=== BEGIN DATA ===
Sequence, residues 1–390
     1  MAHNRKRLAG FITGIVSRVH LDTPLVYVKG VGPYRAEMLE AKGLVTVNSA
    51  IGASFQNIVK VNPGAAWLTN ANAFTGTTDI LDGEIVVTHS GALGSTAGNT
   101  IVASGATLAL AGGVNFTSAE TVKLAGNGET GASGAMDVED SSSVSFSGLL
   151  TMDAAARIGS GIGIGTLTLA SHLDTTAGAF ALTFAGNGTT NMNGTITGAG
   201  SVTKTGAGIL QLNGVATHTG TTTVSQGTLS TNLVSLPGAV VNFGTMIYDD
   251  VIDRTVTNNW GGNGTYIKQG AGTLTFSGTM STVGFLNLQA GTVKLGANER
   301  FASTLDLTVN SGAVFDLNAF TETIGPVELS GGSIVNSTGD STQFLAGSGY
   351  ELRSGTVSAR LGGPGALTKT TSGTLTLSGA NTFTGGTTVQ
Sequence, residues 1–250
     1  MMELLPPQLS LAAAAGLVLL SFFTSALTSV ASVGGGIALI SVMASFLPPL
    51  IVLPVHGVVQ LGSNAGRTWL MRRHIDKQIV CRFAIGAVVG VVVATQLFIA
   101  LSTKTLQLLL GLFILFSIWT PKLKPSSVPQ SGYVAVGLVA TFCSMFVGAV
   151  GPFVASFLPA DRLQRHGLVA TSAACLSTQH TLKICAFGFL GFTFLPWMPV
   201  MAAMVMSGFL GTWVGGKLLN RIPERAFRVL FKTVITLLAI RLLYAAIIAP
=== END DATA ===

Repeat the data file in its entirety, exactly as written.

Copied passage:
Sequence, residues 1–390
     1  MAHNRKRLAG FITGIVSRVH LDTPLVYVKG VGPYRAEMLE AKGLVTVNSA
    51  IGASFQNIVK VNPGAAWLTN ANAFTGTTDI LDGEIVVTHS GALGSTAGNT
   101  IVASGATLAL AGGVNFTSAE TVKLAGNGET GASGAMDVED SSSVSFSGLL
   151  TMDAAARIGS GIGIGTLTLA SHLDTTAGAF ALTFAGNGTT NMNGTITGAG
   201  SVTKTGAGIL QLNGVATHTG TTTVSQGTLS TNLVSLPGAV VNFGTMIYDD
   251  VIDRTVTNNW GGNGTYIKQG AGTLTFSGTM STVGFLNLQA GTVKLGANER
   301  FASTLDLTVN SGAVFDLNAF TETIGPVELS GGSIVNSTGD STQFLAGSGY
   351  ELRSGTVSAR LGGPGALTKT TSGTLTLSGA NTFTGGTTVQ
Sequence, residues 1–250
     1  MMELLPPQLS LAAAAGLVLL SFFTSALTSV ASVGGGIALI SVMASFLPPL
    51  IVLPVHGVVQ LGSNAGRTWL MRRHIDKQIV CRFAIGAVVG VVVATQLFIA
   101  LSTKTLQLLL GLFILFSIWT PKLKPSSVPQ SGYVAVGLVA TFCSMFVGAV
   151  GPFVASFLPA DRLQRHGLVA TSAACLSTQH TLKICAFGFL GFTFLPWMPV
   201  MAAMVMSGFL GTWVGGKLLN RIPERAFRVL FKTVITLLAI RLLYAAIIAP